Now consider how low this widow who is in her 70s is undervaluing the home. for this senior to come to a reverse mortgage closing with no funds. Before considering closing costs or required repairs, she would have to be undervaluing the house by between 56% to 72% depending on her age in HECM years. What if a LESA is required?

    Then there is the issue of encouraging the senior to rely on the value provided by a Realtor. Because of the different functions of an appraiser and a Realtor, rarely do the two estimates match. While there is nothing wrong with encouraging the senior to look at a reverse mortgage, my concern would be how imminent is possible eviction if she has already received a notice of default.

    • “Because of the different functions of an appraiser and a Realtor, rarely do the two estimates match.”

      My suggested listing prices generally comes within 1% of the appraisal and believe this is the case with any competent Realtor. Even if it’s off by more, it’s still good enough to know if a HECM is possible. A few questions will tell you if a LESA will be required.

      That’s one of my gripes with the reps who would order the appraisal without doing some minimal comps. I’ve met a few HECM borrowers who attempted a refi and all they got was hundreds of dollars wasted on an appraisal.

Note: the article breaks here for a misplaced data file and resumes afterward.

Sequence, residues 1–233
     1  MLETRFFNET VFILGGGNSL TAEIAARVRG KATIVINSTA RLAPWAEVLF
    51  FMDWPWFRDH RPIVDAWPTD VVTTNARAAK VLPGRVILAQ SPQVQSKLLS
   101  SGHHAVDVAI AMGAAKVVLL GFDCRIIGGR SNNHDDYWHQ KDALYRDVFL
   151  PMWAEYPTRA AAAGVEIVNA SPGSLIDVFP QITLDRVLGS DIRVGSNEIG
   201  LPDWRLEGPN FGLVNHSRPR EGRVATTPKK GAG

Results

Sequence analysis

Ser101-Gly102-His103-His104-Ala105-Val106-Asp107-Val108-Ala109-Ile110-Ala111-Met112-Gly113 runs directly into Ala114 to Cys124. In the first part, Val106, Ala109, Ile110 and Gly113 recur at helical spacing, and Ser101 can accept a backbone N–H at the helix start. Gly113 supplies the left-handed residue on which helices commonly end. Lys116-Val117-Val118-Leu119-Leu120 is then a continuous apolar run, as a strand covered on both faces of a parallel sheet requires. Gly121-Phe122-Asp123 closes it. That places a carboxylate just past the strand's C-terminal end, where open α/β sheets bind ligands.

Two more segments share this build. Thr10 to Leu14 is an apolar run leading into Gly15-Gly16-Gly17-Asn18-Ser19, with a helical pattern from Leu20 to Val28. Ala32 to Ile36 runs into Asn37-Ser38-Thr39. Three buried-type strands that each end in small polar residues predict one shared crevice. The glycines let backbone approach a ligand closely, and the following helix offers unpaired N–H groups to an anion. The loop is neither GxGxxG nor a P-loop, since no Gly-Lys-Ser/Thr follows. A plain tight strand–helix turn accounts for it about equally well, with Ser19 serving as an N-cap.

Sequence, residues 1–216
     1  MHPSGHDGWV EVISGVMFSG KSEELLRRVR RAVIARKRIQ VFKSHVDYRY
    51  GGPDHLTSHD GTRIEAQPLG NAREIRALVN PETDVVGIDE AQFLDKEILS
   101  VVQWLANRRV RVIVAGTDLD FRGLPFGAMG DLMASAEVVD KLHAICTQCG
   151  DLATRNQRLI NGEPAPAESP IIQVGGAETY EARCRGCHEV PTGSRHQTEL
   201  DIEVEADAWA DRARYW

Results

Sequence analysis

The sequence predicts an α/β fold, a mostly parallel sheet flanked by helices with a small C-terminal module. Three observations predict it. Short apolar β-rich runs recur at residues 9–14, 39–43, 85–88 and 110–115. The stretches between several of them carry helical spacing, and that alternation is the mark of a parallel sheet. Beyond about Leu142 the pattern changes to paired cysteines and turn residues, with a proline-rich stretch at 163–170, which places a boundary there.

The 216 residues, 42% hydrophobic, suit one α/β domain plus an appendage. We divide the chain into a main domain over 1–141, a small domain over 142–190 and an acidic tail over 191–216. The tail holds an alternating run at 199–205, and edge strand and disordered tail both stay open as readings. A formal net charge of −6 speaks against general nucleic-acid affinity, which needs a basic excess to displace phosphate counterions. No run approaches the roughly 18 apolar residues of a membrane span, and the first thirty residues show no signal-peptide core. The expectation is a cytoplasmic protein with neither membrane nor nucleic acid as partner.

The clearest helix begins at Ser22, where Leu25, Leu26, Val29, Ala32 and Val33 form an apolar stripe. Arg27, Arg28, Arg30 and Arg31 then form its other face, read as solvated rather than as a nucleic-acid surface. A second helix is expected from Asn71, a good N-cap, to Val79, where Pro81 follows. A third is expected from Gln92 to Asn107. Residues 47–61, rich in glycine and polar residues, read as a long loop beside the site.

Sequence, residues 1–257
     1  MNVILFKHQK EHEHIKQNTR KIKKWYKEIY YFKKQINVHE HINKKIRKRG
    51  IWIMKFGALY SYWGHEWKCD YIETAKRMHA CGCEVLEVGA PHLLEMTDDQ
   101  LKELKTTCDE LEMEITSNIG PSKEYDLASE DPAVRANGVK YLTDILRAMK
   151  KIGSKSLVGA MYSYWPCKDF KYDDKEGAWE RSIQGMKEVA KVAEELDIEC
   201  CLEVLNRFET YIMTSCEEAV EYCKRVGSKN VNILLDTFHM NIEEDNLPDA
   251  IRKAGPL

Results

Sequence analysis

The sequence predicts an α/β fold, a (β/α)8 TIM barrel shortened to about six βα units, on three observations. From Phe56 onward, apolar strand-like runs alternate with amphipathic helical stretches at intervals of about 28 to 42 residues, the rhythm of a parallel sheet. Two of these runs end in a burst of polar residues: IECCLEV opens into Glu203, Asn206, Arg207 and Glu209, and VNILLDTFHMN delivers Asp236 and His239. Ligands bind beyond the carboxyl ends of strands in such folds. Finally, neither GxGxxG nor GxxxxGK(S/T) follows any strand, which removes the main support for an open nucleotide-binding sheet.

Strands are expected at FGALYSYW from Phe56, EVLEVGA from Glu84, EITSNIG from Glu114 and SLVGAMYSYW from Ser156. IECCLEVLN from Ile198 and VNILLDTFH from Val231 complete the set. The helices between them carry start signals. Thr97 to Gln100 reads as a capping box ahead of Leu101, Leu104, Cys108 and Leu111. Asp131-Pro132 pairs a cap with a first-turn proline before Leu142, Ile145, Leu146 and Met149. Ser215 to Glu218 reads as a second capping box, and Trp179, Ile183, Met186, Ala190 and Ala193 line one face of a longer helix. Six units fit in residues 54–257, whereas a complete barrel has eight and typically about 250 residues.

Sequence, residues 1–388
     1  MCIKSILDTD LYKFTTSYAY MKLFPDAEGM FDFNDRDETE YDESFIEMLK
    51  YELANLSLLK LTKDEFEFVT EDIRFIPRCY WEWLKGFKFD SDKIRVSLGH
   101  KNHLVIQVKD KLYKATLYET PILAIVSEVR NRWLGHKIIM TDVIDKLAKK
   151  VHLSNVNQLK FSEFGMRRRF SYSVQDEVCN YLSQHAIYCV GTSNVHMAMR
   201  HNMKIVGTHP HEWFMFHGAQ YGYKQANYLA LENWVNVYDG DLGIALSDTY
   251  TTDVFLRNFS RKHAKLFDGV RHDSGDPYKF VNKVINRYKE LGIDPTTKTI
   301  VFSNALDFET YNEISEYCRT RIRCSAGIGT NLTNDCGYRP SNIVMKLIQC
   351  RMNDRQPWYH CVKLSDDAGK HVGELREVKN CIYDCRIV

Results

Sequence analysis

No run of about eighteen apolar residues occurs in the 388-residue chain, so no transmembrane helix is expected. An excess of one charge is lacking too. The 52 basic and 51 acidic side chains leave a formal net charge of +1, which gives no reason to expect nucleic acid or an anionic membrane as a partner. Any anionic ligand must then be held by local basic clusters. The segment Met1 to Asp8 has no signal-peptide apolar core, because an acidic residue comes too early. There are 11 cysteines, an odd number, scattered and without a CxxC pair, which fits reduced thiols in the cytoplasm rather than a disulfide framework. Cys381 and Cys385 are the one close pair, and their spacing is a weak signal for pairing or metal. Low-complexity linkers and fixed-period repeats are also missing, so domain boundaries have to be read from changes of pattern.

“…my concern would be how imminent is possible eviction if she has already received a notice of default.”

      An NOD is not what it used to be. Now it’s more of a suggestion that you maybe, kind of, want to think about making a payment some day when you get a chance. And double that for Covid-19 rules.

  • If the writer knows anyone that will write a HECM on an underwater property, send them my way!

    In all seriousness, this is not something to be answered in an advice column. We all work with these kinds of clients and know you need to visit the home, listen to what the their needs are, then evaluate. In many cases I advise them to stay put for as long as they can and for which there are several options.

    The comment that the home needs a lot of repairs is a bit of a tell, however. Many folks have stopped maintaining the structure decades earlier and diminished physical and mental capacity put any cleaning on hold. Until you go inside these homes you can’t appreciate the horrific conditions some people live in. In this case leaving may be the better option.

    I hope the widow connects with a knowledgeable and compassionate Realtor, at least for an opinion, before making a decision.

  • I could make my own comments on this article, but I would only be reiterating what Jim Veal, Lawrence Soza and David Stacy said!

    This article holds no water and I also hope this widow connects with a knowledgeable and compassionate professionals, quickly for an opinion, before making a decision.

    Not all advice is reliable, think hard and seek additional sources for input before reacting!

    John A. Smaldone
    http://www.hanover-financial.com